Architecture tends to reflect the social, political, and economic movements of its time, much like art. Mid-century modern homes are influenced by space exploration and new technologies of the 1960s, as these homes are best known for their futuristic aesthetics. Featuring clean lines, geometric shapes, and minimalistic elements, the mid-century home most commonly uses large flat roofs. Large glass windows, glass sliding doors, and open floor plans for a simple, yet flowing design is what makes up this style of home.
This style of architecture brings to the image of the historic homes that reside along the seaside of Italy, France, and Spain. Homeowners can always feel like they are on vacation residing in these Mediterranean-inspired homes. Dearly loved amongst local Texans, this style of home always features a central courtyard. Resembling Romanesque columns and pergolas are two key staples of the grand exterior decor. Intended to unite both the outdoors and the indoors, this works wonderfully for Texas homes year-round. Beloved for their stucco exterior walls, heavy wooden doors, multicolored tiles, and tiled roofs.
There is not a home style more natural to the Texas landscape than that of the Ranch style home. These homes bring to mind the cowboys and cattle ranchers of the Lone Star state, which may play a hand in why Texans love them so much. These one-story homes often sprawl across the landscape, making them work best on properties with much land. Common ranch-style homes feature low-pitched roofs with wide-eve overhangs, a U or L-shaped floor plan, and sliding large picture windows.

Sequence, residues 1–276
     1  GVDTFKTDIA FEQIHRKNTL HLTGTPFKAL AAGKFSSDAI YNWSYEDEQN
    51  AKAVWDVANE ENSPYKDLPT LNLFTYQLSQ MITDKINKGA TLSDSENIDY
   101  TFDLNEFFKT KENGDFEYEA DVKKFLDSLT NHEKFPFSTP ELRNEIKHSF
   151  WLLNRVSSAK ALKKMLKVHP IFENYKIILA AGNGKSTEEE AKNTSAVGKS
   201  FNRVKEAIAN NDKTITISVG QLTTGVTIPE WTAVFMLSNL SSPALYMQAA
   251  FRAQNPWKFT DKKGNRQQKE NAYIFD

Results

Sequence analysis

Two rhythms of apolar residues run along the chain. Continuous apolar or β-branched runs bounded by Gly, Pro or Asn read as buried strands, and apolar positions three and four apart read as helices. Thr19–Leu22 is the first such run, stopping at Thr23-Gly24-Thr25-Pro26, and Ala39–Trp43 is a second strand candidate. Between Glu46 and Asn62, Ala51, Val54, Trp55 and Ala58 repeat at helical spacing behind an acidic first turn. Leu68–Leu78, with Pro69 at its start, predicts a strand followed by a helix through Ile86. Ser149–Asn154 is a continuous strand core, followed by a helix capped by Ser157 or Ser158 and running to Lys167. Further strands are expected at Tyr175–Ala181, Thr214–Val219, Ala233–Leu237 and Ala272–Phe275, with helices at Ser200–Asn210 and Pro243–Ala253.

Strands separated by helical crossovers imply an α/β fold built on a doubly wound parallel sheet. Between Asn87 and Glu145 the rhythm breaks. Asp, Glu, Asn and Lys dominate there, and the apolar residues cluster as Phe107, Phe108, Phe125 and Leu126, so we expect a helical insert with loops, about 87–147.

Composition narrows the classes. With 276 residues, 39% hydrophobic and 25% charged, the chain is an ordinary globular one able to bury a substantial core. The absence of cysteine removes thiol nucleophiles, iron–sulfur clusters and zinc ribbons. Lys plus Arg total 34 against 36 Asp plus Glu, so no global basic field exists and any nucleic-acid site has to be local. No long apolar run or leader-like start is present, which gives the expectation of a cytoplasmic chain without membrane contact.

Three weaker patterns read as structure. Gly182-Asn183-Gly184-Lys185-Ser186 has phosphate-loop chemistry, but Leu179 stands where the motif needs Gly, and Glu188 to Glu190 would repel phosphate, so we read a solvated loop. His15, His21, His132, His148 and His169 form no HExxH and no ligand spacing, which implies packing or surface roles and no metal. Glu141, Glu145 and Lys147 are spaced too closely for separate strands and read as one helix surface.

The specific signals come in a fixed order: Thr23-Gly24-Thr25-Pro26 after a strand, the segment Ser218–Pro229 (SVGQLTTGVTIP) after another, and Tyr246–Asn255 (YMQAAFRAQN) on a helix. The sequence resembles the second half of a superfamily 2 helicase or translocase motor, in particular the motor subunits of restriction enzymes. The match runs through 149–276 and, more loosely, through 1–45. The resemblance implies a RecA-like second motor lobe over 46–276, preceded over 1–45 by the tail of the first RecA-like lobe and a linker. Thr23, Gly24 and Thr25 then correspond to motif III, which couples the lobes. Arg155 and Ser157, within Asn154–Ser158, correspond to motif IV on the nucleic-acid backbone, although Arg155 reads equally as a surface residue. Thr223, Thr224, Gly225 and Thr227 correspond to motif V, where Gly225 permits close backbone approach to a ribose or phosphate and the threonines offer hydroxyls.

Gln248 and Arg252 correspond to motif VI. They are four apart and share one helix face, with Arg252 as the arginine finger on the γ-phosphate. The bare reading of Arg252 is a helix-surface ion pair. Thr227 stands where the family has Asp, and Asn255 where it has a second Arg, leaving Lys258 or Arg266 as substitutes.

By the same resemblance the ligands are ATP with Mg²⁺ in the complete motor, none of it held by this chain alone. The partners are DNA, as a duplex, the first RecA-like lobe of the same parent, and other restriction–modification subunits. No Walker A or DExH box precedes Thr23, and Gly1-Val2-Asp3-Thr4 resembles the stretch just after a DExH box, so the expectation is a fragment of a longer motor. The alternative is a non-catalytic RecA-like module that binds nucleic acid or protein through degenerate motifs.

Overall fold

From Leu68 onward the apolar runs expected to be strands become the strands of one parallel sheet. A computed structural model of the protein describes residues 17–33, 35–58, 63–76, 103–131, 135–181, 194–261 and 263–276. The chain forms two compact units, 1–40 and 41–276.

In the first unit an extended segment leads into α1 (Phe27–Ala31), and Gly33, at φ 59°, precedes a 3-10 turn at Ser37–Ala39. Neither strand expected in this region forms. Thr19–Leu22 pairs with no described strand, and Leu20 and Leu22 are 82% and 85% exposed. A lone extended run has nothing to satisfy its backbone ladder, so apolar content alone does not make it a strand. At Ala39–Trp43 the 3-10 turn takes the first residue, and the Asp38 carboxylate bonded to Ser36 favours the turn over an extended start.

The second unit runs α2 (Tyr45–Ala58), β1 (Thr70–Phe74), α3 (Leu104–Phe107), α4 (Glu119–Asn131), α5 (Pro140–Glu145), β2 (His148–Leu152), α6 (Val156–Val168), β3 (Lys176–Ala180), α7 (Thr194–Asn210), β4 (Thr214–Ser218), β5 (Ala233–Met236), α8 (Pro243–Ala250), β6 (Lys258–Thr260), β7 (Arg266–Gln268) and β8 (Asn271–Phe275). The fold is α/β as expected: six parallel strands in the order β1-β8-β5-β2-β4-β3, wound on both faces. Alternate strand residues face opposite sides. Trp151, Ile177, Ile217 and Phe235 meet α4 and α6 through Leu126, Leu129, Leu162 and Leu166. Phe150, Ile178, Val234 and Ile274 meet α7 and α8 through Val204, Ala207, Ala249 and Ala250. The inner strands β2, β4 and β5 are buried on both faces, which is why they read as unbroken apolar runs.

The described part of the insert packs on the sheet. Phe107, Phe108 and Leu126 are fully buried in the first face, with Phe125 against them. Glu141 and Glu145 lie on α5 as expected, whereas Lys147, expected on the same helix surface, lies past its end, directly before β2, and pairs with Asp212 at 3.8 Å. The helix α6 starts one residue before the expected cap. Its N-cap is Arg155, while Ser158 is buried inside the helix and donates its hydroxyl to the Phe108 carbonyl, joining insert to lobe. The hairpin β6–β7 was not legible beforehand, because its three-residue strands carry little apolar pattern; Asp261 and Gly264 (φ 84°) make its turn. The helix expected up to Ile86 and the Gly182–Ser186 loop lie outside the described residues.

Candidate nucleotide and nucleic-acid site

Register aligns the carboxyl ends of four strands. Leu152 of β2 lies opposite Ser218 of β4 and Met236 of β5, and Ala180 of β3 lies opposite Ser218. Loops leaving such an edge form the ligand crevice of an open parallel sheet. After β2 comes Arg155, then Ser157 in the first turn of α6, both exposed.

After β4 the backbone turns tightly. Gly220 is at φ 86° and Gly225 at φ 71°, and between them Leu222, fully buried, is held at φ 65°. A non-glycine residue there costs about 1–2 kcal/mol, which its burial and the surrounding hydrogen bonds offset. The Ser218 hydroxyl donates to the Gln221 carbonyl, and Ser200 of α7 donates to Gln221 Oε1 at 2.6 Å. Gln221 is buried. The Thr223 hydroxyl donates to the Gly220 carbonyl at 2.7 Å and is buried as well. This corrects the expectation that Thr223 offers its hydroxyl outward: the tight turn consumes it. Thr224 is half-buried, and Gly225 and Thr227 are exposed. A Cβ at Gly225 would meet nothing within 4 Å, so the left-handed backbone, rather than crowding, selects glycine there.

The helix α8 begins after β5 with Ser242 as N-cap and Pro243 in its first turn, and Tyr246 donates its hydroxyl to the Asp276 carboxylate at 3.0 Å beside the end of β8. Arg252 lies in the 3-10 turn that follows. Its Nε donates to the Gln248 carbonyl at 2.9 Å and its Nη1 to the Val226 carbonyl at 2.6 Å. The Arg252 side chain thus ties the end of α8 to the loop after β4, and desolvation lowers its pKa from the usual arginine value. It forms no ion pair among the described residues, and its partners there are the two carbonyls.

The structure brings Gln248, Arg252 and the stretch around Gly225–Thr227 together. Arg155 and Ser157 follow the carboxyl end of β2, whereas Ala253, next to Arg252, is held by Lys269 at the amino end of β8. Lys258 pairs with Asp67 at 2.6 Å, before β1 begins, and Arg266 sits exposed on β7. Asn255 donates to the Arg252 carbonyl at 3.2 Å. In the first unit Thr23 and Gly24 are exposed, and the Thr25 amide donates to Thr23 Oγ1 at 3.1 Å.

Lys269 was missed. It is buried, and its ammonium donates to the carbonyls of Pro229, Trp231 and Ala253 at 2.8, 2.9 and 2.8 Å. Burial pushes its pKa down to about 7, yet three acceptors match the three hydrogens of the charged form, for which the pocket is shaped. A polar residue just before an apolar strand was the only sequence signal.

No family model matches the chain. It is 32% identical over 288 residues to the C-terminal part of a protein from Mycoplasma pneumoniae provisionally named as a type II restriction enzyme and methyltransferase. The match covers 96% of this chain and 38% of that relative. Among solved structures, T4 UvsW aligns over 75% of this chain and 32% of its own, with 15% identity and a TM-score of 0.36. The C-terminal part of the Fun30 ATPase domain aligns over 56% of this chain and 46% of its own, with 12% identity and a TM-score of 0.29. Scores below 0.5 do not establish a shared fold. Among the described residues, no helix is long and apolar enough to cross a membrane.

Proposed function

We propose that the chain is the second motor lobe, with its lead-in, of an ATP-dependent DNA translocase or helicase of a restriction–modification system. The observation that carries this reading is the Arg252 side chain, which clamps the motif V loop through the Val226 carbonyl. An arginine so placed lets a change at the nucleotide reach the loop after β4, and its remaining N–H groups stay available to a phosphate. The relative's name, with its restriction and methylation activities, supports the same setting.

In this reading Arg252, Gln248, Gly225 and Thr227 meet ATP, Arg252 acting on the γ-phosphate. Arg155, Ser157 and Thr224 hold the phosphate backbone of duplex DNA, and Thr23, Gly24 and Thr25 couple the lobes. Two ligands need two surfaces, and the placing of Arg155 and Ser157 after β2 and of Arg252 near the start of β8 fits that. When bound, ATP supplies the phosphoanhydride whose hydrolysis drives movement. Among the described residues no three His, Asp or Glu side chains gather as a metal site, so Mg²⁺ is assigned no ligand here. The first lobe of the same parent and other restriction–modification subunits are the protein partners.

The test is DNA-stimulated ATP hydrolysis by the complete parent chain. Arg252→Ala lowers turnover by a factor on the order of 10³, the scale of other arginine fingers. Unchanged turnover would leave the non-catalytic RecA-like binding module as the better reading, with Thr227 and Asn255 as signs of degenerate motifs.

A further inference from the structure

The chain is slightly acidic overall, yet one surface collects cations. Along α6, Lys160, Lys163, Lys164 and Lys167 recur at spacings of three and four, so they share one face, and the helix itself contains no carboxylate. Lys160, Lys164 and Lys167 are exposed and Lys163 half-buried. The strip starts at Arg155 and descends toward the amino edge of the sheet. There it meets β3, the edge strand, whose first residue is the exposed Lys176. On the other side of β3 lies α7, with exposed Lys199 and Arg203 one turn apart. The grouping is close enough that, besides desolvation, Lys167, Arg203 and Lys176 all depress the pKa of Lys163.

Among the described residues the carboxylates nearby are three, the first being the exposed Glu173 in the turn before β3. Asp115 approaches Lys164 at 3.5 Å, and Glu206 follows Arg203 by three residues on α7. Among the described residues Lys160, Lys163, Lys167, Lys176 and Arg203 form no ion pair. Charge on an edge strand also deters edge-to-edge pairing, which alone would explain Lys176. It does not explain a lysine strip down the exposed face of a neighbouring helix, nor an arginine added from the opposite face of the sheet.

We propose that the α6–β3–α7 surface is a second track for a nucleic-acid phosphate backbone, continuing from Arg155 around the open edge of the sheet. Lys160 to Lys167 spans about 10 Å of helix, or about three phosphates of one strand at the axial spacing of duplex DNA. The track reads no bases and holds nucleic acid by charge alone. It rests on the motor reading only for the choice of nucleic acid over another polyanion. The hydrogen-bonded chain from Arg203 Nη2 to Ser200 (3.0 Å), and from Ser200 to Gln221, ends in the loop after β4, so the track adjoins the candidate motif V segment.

These homes were named for Queen Victoria, who ruled England during the height of the popularity of the home style. These Victorian-styled homes have been popular since the 1800s, spurring on images from a storybook. With heavily ornamented facades and interiors, they are known for their full front porches, and ornate gables paired with a steep Mansard roof and stunning bay windows for any book reader to snuggle up in to enjoy an afternoon of reading.
Southwest-styled homes conjure visions of the wondrous Arizona and Mexico deserts, a reason why Texans, no strangers to extreme heat, love this style so much. These homes and their decor are known best for their Spanish and Native American influence, built for exposure to dry, warm-weather climates. They are most commonly marked by clay roof tiles, plastered in stucco exteriors, arched corridors, and an asymmetrical design paired with twin square pillars.
Though log homes seem to be more of a natural fit for colder climates, there is a certain charm in the rustic charm, something that is inviting in its warmth. The key feature of these types of homes is their log exterior, typically composed of local wood to accommodate the climate where the home is located. Because of the raw exterior of these rough-sawn or hand-hewn timber logs, there is plenty of wood exposed inside of the home as well. Dovetail corners, long covered porches to sit beneath the night sky, and stargaze beneath simple rooflines.
The Tonya Peek Group knows the Frisco real estate market but also the Plano, Allen and McKinney real estate market. Call us today! Our agents know the area and the market and can help you sell or buy in our area.